PRO/SOAS> Lumpy skin disease – India (03): (West Bengal) cattle


A ProMED-mail post
ProMED-mail is a program of the
International Society for Infectious Diseases

Date: Sun 21 May 2023
Source: Mint [edited]

Union minister of fisheries, animal husbandry and dairying Parshottam
Rupala directed for prompt action on the letter from the member of
parliament Raju Bista about his concerns on the reports of rising
cases of lumpy skin disease (LSD) in Kalimpong and Darjeeling
districts of West Bengal.

The department of animal husbandry and dairying [AHD] responded
swiftly and has taken all necessary steps to provide technical and
financial support in close co-ordination with the state and district
officials of the department concerned.

There are no deaths of cattle due to LSD in Darjeeling and Kalimpong.
Around 400 unvaccinated cattle in Darjeeling and 2000 in Kalimpong
were infected, out of which 200 and 1200, respectively, have already
recovered, the government said in a statement.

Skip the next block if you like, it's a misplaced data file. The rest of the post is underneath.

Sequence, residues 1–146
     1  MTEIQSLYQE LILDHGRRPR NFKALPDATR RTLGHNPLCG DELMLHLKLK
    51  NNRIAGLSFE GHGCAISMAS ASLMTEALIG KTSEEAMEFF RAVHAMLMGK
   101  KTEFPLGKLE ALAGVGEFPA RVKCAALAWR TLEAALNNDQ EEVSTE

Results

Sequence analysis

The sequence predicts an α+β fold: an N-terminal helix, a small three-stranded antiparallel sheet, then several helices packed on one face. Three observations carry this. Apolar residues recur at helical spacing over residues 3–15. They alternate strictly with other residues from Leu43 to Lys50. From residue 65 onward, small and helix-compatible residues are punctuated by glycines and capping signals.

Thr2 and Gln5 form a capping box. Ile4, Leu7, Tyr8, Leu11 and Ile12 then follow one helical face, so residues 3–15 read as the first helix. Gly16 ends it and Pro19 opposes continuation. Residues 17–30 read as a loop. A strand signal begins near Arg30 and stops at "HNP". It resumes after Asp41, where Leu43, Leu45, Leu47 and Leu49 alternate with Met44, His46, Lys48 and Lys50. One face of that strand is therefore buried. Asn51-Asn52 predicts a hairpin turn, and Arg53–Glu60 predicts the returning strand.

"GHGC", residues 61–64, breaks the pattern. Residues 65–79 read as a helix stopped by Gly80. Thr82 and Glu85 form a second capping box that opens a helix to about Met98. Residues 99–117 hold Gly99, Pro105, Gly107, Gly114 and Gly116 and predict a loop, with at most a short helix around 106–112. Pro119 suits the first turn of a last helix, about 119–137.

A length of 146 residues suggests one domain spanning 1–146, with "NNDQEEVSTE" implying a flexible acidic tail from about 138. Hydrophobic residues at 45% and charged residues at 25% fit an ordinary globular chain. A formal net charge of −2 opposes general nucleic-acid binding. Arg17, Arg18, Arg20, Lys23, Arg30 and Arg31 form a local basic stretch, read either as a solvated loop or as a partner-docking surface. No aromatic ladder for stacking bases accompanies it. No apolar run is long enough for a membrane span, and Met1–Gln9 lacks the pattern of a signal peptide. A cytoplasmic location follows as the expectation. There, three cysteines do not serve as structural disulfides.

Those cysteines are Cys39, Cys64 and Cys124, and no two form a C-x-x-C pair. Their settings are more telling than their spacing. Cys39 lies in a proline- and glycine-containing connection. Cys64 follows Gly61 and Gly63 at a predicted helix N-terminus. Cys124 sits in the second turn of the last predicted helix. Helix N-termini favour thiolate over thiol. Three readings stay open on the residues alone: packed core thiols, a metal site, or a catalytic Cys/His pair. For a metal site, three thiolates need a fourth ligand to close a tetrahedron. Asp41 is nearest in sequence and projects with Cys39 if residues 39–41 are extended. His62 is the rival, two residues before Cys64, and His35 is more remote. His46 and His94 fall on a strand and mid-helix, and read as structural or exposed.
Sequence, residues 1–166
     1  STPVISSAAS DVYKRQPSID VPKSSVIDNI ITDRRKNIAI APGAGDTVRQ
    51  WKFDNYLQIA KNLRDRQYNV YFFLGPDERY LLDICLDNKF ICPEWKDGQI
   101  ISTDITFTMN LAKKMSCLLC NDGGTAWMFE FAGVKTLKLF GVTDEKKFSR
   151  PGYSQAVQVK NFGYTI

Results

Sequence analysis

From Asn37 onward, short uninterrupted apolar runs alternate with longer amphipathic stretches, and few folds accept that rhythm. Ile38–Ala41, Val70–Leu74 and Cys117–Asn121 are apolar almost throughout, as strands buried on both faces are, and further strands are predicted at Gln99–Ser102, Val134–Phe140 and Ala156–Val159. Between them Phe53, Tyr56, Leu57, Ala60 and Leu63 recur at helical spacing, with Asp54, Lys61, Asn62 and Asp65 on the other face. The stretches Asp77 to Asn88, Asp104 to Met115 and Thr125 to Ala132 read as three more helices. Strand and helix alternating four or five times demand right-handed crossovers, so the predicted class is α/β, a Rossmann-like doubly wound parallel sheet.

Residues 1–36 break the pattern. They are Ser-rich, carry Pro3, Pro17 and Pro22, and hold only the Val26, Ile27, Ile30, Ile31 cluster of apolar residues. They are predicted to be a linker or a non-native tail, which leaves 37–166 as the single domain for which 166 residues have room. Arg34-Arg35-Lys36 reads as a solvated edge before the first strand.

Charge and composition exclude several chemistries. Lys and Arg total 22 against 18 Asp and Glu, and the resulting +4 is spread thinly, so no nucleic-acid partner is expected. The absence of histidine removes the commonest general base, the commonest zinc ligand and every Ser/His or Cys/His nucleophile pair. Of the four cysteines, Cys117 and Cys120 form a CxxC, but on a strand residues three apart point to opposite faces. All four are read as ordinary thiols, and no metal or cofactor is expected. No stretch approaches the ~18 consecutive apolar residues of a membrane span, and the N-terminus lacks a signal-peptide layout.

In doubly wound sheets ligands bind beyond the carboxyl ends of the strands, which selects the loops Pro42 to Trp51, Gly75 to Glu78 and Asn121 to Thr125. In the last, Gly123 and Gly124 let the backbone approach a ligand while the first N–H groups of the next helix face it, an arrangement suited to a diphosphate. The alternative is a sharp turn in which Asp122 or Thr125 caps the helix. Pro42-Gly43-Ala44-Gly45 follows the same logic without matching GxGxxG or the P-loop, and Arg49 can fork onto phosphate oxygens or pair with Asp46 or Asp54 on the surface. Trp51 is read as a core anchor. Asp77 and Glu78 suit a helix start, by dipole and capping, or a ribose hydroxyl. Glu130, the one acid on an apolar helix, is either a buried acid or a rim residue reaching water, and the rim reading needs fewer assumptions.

Treatment of other infected cattle is underway including ring
vaccination of cattle in affected areas to check the spread of the
disease. There are no reports of LSD in sheep or goats. In both
districts, the infection is reported mainly in unvaccinated cattle.
However, the situation is under control.

The department has been implementing various measures for control of
the disease including adaptation of surveillance strategy, launch of
vaccination programme, etc. The central team, consisting of one
officer each from Northeastern Regional Disease Diagnostic Laboratory
(NERDDL) Guwahati and Eastern Regional Disease Diagnostic Laboratory
(ERDDL) Kolkata, has been asked to visit the affected area to assess
the ground situation and to support the state AHD for control and
containment of LSD in definite timeline.

Lumpy skin disease is a highly contagious viral disease noticed in
cattle and buffaloes and does not affect humans. It causes relatively
low mortality. The disease can result in animal welfare issues and
significant production losses. The disease first broke out in India in
2022, resulting in over 97 000 cattle deaths during 3 months till
September. The outbreak was initially observed in Gujarat and
Rajasthan and affected cattle in 15 states across the country in the
same time span.

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